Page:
Developmental Strategy for Generating Sensory Neuron Diversity
Sensory neuron diversity is a common theme in the animal kingdom. It provides the cellular infrastructure that supports the accurate perception of the external world. Among all sensory systems, the olfactory system demonstrates an extreme in the extraordinarily diversified neuronal classes it holds. The system-wide cellular diversity is in sharp contrast with the individual specialization of olfactory receptor neurons (ORNs) per se. How the nervous system, particularly the olfactory system, uses limited genetic information to generate a huge variety of neurons with distinct properties remains elusive.
The adult Drosophila olfactory system is an excellent model to address this question due to its conserved organizational principles and reduced complexity. The fly olfactory appendages contain 50 ORN classes, each of which expresses a single receptor gene from a family of ~80 genes. Stereotyped clusters of 1-4 ORN classes define about 20 sensilla subtypes, belonging to 3 major morphological types. All cellular components within a sensillum are born by a single sensory organ precursor (SOP) via asymmetric divisions. The molecular mechanisms that determine SOP differentiation potentials to develop into distinct sensilla subtypes and the associated ORN classes are unknown.
From a genetic screen, we identified two mutant alleles in the rotund (rn) gene locus, which has a critical function in diversifying ORN classes. Rn is required in a subset of SOPs to confer novel sensilla subtype differentiation potentials from otherwise default ones within each sensilla type lineage. In rn mutants, ORNs in rn-positive sensilla subtypes are converted to lineage-specific default rn-negative fates, resulting in only half of the normal ORN diversity. This work is described in Chapter 2.
Based on an unbiased time-course transcriptome analysis, we discovered two critical downstream targets of Rn, Bric-à-brac (Bab) and Bar. In light of the knowledge about leg development, we found these genes, along with Apterous (Ap) and Dachshund (Dac), are part of the conserved proximal-distal (PD) gene network that play a crucial role in patterning the antennal precursor field prior to proneural gene-mediated SOP selection. Interactions between these PD genes under the influence of morphogen gradients separate the developing antennal disc into 7 concentric domains. Each ring is represented by a unique combination of the aforementioned transcription factors, coding the differentiation potentials for a limited number of sensilla subtypes. Genetic perturbations of the network lead to predictable changes in the ratios of different sensilla subtypes and corresponding ORN classes. In addition, using CRISPR/Cas9 technology, we were able to add tags to specific rn isoforms in the endogenous locus, and show positive regulation of Bab and negative regulation of Bar by the direct binding of Rn to the promoters in vivo. This work is presented in Chapter 3.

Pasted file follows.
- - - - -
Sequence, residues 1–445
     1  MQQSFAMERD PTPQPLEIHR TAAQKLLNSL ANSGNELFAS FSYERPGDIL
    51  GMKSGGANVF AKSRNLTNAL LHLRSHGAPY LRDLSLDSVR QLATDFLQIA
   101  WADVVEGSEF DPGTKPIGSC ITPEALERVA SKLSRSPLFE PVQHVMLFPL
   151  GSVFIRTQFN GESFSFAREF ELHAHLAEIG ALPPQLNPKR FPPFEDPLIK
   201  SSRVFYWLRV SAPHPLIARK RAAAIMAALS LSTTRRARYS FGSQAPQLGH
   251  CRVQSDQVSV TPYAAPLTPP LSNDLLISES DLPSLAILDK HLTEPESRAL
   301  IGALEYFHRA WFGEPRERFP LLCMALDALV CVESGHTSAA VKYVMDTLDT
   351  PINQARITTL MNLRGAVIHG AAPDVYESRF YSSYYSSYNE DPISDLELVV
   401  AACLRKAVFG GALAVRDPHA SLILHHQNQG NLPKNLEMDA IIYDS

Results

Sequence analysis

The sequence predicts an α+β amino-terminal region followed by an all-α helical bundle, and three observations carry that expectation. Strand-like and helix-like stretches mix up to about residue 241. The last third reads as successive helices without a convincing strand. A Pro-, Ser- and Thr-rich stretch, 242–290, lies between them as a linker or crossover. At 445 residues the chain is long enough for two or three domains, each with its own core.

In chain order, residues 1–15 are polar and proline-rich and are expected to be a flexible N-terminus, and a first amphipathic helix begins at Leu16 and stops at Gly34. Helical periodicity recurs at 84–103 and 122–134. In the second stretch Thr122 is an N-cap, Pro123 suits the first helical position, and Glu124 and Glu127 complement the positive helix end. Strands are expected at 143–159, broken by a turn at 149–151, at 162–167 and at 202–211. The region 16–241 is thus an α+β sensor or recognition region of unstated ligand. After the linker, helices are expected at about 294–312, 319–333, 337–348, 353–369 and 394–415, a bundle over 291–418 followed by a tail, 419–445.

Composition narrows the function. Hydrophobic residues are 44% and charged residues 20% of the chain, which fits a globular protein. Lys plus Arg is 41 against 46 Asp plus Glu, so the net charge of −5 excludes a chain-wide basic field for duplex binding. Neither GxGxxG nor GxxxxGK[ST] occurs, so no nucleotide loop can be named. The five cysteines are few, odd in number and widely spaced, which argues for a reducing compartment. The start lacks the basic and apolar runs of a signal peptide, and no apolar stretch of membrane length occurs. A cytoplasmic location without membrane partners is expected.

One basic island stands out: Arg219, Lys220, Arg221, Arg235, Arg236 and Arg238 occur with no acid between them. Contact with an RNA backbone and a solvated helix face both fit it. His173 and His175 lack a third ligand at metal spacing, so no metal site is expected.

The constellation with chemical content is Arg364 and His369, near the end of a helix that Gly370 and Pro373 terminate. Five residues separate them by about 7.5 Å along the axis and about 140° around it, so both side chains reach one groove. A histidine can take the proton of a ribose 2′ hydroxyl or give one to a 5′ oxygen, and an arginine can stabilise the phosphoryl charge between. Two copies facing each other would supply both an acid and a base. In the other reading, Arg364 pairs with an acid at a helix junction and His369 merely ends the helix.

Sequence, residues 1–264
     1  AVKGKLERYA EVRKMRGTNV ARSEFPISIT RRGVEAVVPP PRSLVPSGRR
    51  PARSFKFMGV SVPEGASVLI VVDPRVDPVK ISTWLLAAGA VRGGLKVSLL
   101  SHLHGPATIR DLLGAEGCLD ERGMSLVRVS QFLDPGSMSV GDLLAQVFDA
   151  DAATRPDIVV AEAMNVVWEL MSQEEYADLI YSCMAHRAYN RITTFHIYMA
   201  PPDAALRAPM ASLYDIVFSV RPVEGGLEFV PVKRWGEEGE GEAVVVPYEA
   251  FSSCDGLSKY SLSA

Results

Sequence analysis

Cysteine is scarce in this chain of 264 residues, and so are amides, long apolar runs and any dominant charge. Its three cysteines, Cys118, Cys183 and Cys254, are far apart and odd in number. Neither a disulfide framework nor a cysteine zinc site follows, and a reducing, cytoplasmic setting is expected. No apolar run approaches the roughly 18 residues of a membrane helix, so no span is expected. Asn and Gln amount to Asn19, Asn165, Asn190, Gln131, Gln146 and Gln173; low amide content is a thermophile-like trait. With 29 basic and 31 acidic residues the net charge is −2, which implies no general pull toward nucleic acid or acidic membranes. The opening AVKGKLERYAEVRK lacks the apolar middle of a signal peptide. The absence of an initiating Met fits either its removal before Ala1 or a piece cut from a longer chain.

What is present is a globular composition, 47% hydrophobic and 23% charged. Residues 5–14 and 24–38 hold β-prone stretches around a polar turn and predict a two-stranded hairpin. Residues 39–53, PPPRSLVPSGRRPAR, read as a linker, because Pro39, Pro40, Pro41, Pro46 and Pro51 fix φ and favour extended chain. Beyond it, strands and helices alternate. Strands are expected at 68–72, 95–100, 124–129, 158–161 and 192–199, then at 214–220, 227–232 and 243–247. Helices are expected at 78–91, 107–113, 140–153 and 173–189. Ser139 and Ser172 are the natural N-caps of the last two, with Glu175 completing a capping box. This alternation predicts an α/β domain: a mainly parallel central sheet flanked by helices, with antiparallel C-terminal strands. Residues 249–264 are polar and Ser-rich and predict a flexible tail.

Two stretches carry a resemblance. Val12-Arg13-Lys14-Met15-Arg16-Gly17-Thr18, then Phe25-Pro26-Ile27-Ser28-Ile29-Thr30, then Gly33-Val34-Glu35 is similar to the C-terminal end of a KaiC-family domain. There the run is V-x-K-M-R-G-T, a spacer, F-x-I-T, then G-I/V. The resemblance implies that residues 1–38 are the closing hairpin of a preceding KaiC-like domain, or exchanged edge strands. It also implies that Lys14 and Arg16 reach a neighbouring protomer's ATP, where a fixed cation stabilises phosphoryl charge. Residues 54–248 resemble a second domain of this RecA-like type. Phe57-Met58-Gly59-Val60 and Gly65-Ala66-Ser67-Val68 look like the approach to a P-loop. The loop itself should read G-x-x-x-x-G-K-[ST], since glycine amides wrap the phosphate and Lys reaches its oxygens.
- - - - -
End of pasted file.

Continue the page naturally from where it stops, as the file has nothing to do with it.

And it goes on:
We proposed a three-step mechanism to explain ORN diversification, starting from pre-patterning of the precursor field by PD genes, followed by SOP selection by proneural genes, and ended with Notch-mediated neurogenesis. The final outcomes are greatly determined by the pre-patterning phase, which may be modified during evolution to compensate special olfactory needs by individual species. In our model, each step serves a single purpose, which displays context-dependent functions. By changing contexts, reassembly of the same logical steps may guide neuronal diversification in parallel systems with completely different identities. This step-wise mechanism seems to be a common strategy that is used by many other systems to generate neuronal diversity.
Olfactory receptor neurons
Transcription factor network
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